Coleridge operated independently, accompanying soldiers on operations, seeking out images to satisfy the needs of the Public Relations Officer in Saigon and taking many photographs in response to the conflict that surrounded him, including many shots of Australian soldiers moving through the Vietnamese landscape. Like many photographers of the time, he always carried a number of cameras, including 35 mm and 120 still cameras and frequently a 16 mm Bell and Howell movie camera. Using his own initiative, Coleridge started using colour film in both his still and movie cameras. However, the army was geared to providing the print media and TV with black-and-white images, and so initially it didn't support Coleridge's use of colour. Because the army only supplied black-and-white film, colour film and colour stock either had to be traded with other photographers or purchased privately. Colour film had to be processed privately in Saigon, and as most of his salary was spent supporting his three children back in Australia this must have been very difficult for him. Many of Coleridge's colour film stills, and the colour films of the photographers who followed him, were duplicated in black-and-white for use in the media. Coleridge's persistence was eventually rewarded by the Army Public Relations Directorate in Canberra: a signal sent to Saigon in September 1967 acknowledged both the high standard of the colour footage and the fact that Coleridge had provided the colour stock personally, and advised that replacement stock would be dispatched from Canberra.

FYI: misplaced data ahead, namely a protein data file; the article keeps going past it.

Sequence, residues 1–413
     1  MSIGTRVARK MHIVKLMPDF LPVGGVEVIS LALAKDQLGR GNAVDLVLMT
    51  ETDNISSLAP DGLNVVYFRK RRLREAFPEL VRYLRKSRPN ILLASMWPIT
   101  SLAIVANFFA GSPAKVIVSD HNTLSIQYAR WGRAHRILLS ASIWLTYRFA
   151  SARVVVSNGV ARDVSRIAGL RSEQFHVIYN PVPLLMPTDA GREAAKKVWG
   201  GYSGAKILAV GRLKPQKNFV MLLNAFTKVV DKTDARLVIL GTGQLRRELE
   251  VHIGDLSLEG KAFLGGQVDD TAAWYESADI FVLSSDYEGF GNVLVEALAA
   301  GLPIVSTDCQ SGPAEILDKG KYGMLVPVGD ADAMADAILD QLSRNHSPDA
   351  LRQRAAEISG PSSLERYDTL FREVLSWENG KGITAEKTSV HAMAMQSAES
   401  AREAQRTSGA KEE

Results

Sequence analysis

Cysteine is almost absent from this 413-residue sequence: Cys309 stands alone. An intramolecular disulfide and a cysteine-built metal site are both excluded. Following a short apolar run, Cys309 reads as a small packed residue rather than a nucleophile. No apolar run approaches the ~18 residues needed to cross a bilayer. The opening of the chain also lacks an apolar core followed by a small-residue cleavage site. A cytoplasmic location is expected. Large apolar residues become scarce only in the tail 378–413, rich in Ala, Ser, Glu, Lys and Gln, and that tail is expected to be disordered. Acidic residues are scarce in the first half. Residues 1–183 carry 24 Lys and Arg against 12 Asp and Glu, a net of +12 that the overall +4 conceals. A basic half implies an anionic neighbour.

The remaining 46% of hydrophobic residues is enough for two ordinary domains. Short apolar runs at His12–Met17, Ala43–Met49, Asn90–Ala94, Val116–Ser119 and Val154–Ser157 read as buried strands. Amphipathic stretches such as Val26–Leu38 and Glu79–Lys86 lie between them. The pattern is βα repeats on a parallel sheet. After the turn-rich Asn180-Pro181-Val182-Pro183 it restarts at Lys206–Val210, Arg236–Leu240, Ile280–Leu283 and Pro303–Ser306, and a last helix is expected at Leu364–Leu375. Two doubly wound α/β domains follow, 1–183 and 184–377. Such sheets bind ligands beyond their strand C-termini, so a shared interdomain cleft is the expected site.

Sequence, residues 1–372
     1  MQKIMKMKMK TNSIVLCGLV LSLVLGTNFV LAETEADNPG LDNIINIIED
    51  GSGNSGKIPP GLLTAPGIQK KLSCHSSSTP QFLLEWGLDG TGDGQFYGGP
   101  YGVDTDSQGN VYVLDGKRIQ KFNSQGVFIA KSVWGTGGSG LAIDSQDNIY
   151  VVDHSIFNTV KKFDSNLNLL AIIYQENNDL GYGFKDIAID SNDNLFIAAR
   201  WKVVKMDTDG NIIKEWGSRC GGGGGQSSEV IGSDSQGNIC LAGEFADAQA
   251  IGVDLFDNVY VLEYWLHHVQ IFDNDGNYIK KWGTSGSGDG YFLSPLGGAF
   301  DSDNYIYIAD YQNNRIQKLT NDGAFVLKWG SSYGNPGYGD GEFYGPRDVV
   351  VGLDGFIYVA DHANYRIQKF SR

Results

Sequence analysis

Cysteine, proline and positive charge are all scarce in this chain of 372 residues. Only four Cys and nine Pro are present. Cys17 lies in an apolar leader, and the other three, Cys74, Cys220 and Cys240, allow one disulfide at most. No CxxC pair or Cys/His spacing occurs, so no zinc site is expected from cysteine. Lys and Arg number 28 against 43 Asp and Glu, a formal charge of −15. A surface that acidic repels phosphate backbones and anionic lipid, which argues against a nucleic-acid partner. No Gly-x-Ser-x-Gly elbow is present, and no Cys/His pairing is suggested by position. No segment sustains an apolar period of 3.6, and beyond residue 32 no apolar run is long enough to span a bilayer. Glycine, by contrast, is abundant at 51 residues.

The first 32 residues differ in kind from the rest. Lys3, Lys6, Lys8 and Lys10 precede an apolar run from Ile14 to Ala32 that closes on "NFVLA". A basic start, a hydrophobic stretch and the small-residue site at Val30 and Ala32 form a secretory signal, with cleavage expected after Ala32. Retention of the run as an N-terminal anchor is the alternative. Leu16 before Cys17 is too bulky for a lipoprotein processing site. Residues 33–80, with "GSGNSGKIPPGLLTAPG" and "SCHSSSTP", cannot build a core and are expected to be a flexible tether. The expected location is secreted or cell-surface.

After completing his tour of Vietnam on 21 November 1967, Coleridge was posted to Melbourne. His period of enlistment had expired and he resisted the army's efforts to keep him, realising how difficult it would be to continue serving as a single father. Vietnam. 1967. During operation Broken Hill in Phuoc Tuy Province, troops took the elusive Viet Cong by surprise. Lance Corporal Geoff McGuffog of Tamworth, NSW (right), leads a gagged and securely tied Viet Cong suspect past Bombardier Jim Creber of Mortdale, NSW.Vietnam. 1967. The tracks of armoured personnel carriers of A Squadron, 3rd Cavalry Regiment, take heavy punishment in the war and have to be changed about every 2000 miles. Soldiers of the Squadron lay out new tracks ready to be fitted.